Imagine accepting a job as the athletic director at Arizona in the spring of 1958. The bar wasn’t low; it was lying on the ground.
The Wildcats were coming off a 1-8-1 football season and about to put a worst-ever 4-22 basketball season into the books. They played in the Border Conference, which meant yearly home games against such unattractive teams as Hardin-Simmons and West Texas State.
Beyond that, Arizona Stadium and Bear Down Gym were in need of vast and budget-breaking expensive reconstruction projects. The UA’s president, Richard Harvill, was not a sports-friendly executive; he was unwilling to commit to financial upgrades or to lower academic standards for at-risk athletic prospects.
When Harvill interviewed New Mexico football coach Dick Clausen for the vacant ADs job, he told Clausen “college athletics in this country are a disgrace.”
To make it worse, Harvill discovered the UA’s booster group, the Towncats, had been making under-the-table payments to football players, which led to a two-year NCAA probation.
Clausen accepted the job anyway, choosing the UA over an offer from his home-state Iowa State Cyclones. His vision was to create a new conference and abandon the low-level Border Conference. He wanted to start scheduling Big Ten teams. He wanted to add 10,000 seats to Arizona Stadium and build a grand basketball arena seating 15,000.
In a 1998 conversation at his midtown Tucson home, Clausen told me that Harvill resisted every proposal.
“He said, ‘That puts a lot of pressure on us,’” Clausen remembered. “But I told him that pressure was 100 miles up the freeway.”
Indeed, by 1960, Arizona State was emerging as a national power in football, basketball and baseball. No athletic director in UA history faced a more daunting challenge than Dick Clausen, the son of a railroad man from Vining, Iowa.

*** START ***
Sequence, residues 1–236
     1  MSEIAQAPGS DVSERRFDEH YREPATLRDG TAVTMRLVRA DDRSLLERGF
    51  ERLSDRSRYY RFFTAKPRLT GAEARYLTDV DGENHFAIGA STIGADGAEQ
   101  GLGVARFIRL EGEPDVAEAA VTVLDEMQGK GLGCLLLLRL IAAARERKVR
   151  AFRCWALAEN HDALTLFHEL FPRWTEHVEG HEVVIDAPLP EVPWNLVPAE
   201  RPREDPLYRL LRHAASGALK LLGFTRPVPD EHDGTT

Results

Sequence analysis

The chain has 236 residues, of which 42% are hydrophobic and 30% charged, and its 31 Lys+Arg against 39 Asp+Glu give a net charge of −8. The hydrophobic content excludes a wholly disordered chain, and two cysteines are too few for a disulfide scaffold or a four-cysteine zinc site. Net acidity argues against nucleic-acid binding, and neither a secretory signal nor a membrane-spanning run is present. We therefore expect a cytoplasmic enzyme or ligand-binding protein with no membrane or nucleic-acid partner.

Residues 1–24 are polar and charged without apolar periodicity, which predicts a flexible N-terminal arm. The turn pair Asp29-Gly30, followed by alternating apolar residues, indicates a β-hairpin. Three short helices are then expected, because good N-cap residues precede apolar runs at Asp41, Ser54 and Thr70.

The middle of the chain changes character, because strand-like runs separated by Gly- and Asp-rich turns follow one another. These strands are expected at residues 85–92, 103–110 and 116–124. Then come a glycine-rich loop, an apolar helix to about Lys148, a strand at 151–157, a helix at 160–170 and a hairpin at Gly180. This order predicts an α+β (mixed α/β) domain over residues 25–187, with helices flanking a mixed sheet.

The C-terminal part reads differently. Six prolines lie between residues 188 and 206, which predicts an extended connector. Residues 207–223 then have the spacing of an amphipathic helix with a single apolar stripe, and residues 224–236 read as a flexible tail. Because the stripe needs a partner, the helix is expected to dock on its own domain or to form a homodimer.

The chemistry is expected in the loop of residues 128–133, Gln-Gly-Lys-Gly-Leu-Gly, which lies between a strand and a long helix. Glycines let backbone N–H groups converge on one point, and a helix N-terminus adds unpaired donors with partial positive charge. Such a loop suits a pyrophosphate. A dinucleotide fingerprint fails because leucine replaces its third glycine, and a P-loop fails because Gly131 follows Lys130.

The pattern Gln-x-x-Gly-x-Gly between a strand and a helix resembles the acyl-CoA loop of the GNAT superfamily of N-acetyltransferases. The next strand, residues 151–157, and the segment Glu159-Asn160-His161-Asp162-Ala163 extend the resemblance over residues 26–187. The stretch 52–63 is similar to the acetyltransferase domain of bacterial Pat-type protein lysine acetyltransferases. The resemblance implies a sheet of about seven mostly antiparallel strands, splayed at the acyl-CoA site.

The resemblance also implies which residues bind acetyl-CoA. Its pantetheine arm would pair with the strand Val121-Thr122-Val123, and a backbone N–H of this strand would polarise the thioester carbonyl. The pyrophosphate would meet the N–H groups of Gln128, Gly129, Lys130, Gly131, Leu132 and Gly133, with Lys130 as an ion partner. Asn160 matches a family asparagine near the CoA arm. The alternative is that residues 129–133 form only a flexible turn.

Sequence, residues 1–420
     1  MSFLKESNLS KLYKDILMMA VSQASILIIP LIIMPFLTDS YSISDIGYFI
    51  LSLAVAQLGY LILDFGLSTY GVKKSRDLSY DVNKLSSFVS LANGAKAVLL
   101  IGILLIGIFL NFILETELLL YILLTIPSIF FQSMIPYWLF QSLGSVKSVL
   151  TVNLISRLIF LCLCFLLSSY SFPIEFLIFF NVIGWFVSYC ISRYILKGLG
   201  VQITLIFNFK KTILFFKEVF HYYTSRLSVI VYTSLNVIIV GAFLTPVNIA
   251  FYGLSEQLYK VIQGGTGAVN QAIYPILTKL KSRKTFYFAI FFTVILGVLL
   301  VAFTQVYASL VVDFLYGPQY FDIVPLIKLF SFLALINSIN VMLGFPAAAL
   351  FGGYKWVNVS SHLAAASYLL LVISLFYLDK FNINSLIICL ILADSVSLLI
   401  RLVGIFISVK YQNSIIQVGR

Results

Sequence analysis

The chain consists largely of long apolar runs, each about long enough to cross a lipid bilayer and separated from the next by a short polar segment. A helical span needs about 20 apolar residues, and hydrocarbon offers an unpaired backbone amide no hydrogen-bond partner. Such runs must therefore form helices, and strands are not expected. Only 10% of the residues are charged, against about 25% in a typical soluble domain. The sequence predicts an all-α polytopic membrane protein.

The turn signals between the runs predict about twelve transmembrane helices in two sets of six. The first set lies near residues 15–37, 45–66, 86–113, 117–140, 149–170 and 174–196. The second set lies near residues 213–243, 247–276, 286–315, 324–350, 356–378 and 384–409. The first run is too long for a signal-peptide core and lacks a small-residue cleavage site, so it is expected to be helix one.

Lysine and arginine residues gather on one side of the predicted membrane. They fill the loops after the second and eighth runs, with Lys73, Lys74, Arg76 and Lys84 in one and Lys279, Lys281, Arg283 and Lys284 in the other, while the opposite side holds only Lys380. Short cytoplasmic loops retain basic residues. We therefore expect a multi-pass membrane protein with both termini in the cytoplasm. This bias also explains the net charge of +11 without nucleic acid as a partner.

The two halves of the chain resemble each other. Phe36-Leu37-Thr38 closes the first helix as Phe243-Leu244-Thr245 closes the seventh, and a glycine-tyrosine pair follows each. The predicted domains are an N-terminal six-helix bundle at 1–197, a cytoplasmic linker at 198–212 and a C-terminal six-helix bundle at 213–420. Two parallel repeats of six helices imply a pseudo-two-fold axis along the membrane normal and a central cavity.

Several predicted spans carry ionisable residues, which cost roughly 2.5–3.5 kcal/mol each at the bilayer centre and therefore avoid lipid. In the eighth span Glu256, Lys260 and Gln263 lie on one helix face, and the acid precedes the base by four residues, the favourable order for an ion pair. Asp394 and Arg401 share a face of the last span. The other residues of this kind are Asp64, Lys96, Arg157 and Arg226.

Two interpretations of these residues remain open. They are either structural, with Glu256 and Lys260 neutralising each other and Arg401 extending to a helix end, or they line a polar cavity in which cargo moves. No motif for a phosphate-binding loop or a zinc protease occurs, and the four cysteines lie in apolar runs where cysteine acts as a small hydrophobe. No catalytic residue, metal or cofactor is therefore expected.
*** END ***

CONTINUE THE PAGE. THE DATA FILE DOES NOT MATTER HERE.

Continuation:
Clausen, who is No. 26 on our list of Tucson's Top 100 Sports Figures of the last 100 years, overcame most of those 1958 obstacles. By the time he announced his resignation in December of 1971, Arizona was poised to move into the Pac-10 and play on a national stage.
“We were small potatoes,” he told me. “I’d say bringing Arizona up to true Division I status was my top accomplishment.”
Clausen grew up a baseball player in rural Iowa. He was so good that he was signed by the Cleveland Indians, where he became a minor-league teammate of the great Bob Feller and played against legendary Satchel Paige.
But Clausen made his name as a football coach, specifically at Coe College in Iowa and later, at New Mexico, which had routed the 1-8-1 Wildcats 27-0 in 1957 — the worst season in school history until Kevin Sumlin left Arizona with a 12-game losing streak.
Clausen is given credit for creating the WAC in 1960, overcoming political maneuvering among fellow schools until ASU, Utah, BYU, New Mexico and Wyoming agreed to join forces and make a move toward a higher profile in college athletics. He is given credit for withstanding state legislative pressure to get the money to build McKale Center and abandon the antiquated Bear Down Gym.
“I was the AD for 13 years, and it took 14 to get McKale Center built,” he said. “The state legislature, especially the Phoenix group, wouldn’t budge. But when (former UA vice president) Swede Johnson and I proposed it would be named after Pop McKale, it changed everything. We got the fans on our side, and it moved the legislature to take action.”
Unfortunately, Clausen resigned 14 months before McKale Center opened.
If nothing else, his persistence paid off. As the UA football program flopped in the mid-’60s, Clausen aimed high. He interviewed Houston coach Bill Yeoman, who was a top-25 coach at the time. He interviewed future NFL great Don Coryell and NFL Hall of Fame coach Marv Levy. None were interested.
In 1967, Clausen spoke with Grambling’s iconic football coach, Eddie Robinson, about becoming the first Black head football coach in major-college football. Robinson, too, declined.
“It was not a place conducive to winning football,” Clausen told me. “We couldn’t get in the borderline students that Kush did at ASU. We had no money. The president fought me. Our schedule was too weak. It almost wore me out.”
Over time, Clausen was successful in adding 10,000 seats to Arizona Stadium and upgrading the schedule to include Ohio State, Michigan, UCLA and Iowa. His work paid off; one of Clausen’s last acts was to hire Jerry Kindall as Arizona’s baseball coach.
After leaving athletics, Clausen worked in the UA’s administrative offices for a few years. He was inducted into the UA Sports Hall of Fame in 1998 and the National Athletic Director’s Hall of Fame in 1992.
Clausen made Tucson his home until his death in 2000.
Contact sports columnist Greg Hansen at 520-573-4362 or email@example.com. On Twitter: @ghansen711